Marble Bar birding
Marble Bar is situated in the Pilbara area of Western Australia and is the largest shire in the world. Marble Bar has some interesting history and was first gazetted in 1893 following the discovery of gold three years earlier. The rock formation that was originally thought to be marble is in fact jasper and is throughout the area. It shows the most magnificent colours when wet, but is still spectacular when dry. In 1891 the population exceeded five thousand due to the gold rush, but nowadays there are only about two hundred people living in town. The town now runs a solar power station with back-up diesel generation and the array of panels is easily observed on Google Earth.
“Largest Shire in the World” sign on the way into town
Marble Bar is generally a place that tourists visit in the cooler months of the year, which are the few months between June and September. The reason for this is the fact the Marble Bar holds the world record for the longest number of days over 37.8c/100f and the event took place over 160 consecutive days from October 31st 1923 until April 7th 1924. During December and January the temperature is usually in excess of 45c/113f and for more than six months each year the temperature exceeds human body temperature! So, why would we visit in November….are we mad!? Don’t answer that! It is always interesting to visit areas where there is limited natural water and observe concentrated bird life. If you want to see what the weather is doing in Marble Bar right now, then click the link and if you are feeling cold in the northern hemisphere imagine the feeling when you open your oven door! The temperature is high and the humidity is very low. It is actually easier to cope in these dry temperatures than in very humid areas with lower temperatures. There is a digital display of the current temperature when you enter town, because in many ways the locals are proud of their hot temperatures!
Australia’s hottest town!
On the edge of town we had Spinifex Pigeons– race ferrugines running along the edge of the road followed by Crested Pigeons and they knew where there was water at dripping taps! The first area of grass that we came across was covered with Galahs and Yellow-throated Miners vying for the shade. It was only 43c according to the digital display!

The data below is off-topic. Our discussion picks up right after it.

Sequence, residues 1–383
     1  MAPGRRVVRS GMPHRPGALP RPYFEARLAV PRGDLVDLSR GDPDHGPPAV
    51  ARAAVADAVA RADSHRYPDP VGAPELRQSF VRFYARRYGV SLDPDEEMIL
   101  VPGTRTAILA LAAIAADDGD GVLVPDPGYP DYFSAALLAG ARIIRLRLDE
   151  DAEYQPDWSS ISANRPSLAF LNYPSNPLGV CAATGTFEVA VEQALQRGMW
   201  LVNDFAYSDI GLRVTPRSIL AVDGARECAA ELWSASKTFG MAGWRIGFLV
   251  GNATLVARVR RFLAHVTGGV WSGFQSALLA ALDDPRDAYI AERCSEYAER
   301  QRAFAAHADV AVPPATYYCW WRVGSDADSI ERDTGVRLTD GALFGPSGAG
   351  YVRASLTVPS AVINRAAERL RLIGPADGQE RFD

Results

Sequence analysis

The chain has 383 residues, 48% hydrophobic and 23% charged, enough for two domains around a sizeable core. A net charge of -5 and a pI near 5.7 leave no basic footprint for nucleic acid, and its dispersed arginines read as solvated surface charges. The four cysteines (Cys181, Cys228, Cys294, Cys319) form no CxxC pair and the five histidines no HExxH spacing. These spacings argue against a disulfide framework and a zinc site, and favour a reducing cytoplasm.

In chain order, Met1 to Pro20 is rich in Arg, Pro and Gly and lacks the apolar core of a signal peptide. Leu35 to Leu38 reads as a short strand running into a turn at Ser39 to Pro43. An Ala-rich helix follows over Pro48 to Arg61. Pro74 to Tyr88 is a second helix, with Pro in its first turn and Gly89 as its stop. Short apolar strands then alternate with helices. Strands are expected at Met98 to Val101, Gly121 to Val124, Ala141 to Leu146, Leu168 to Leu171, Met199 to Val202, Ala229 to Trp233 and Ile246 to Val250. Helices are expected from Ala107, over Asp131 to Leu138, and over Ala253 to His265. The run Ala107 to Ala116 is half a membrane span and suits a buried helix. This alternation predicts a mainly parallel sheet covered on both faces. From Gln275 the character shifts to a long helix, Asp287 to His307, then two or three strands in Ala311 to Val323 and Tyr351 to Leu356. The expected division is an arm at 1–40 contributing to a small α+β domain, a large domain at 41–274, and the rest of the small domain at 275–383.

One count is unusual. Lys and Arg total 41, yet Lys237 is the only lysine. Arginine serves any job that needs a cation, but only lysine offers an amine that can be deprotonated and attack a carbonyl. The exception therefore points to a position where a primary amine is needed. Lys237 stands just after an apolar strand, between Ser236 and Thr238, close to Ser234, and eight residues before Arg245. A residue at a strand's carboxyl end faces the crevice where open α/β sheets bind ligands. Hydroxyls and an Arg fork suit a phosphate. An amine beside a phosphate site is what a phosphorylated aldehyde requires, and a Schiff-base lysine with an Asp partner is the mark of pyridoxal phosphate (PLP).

Galahs and Yellow-throated Miners
We asked at the small shop/petrol station/post office about the free local town map and they were shocked to see travellers in November! They had no maps left, but sent us over to the caravan park where they did still have some maps left and Magpie-larks at their dripping taps! We then headed for Chinaman’s Pool, where we were advised there was not enough water left for swimming at this time of year! The pools are what remain from the rain months ago when the Coongan River would have flowed. We knew that we would not be swimming, but we also knew that whatever water remained would be attractive to any birds in the area. Sure enough, we found Rainbow Bee-eaters, Painted Finches, Willie Wagtails, Fairy Martins and a pair of Black-fronted Dotterels.
Remaining water in the Coongan River-Marble Bar
The area was alive with birds once you stopped to look and the tall trees produced Australian Ringneck Parrots, Sacred Kingfisher, Black-faced Cuckoo-shrikes, Little Corella, Budgerigars, Nankeen Night-herons and both White-plumed Honeyeaters and Brown Honeyeaters. A Brown Falcon soared overhead and Grey-crowned Babblers chuckled away nearby. Although the temperature was very high and there was not a lot of water there was a great variety of birds. Moving closer to the remaining water we soon observed Pacific Black Ducks, one lone Grey Teal, an Intermediate Egret and a Great Egret, a juvenile Black-necked Stork and a lone Australian Pelican. We did not get too close, because we did not want to disturb the birds in such extreme temperatures.
Intermediate Egret and Pacific Black Ducks
Australian Pelican, juvenile Black-necked Stork and Straw-necked Ibis
The rocks on the edge of the remaining water were roosts for Little Black Cormorants and Little Pied Cormorants and a White-necked Heron had found a shady spot to rest in the heat of the day. A lone Common Sandpiper was running along the edge of the mud and a family of Masked Lapwings were on the far bank. Peaceful Doves and Diamond Doves came down to drink at the water’s edge and this small body of water was very important to all of the birds.
Little Black Cormorants
We also observed Black-faced Woodswallows, Little Woodswallows, a Rufous Songlark and Australasian Pipits in Marble Bar, so all things taken into consideration we did pretty well in such a hot town in November! Maybe you don’t get this sort of variety if you visit in the cooler months when everybody is swimming in the Coongan River! In November the pools are reserved for the birds!